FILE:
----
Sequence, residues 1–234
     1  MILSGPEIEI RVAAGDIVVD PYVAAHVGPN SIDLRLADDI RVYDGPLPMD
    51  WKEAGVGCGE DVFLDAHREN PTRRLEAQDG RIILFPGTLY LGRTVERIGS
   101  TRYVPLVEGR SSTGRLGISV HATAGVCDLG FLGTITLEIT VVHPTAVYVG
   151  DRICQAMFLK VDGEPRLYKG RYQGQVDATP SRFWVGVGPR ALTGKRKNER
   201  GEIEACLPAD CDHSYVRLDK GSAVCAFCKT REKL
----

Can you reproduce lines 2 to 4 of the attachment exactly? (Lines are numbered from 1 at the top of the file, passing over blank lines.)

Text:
     1  MILSGPEIEI RVAAGDIVVD PYVAAHVGPN SIDLRLADDI RVYDGPLPMD
    51  WKEAGVGCGE DVFLDAHREN PTRRLEAQDG RIILFPGTLY LGRTVERIGS
   101  TRYVPLVEGR SSTGRLGISV HATAGVCDLG FLGTITLEIT VVHPTAVYVG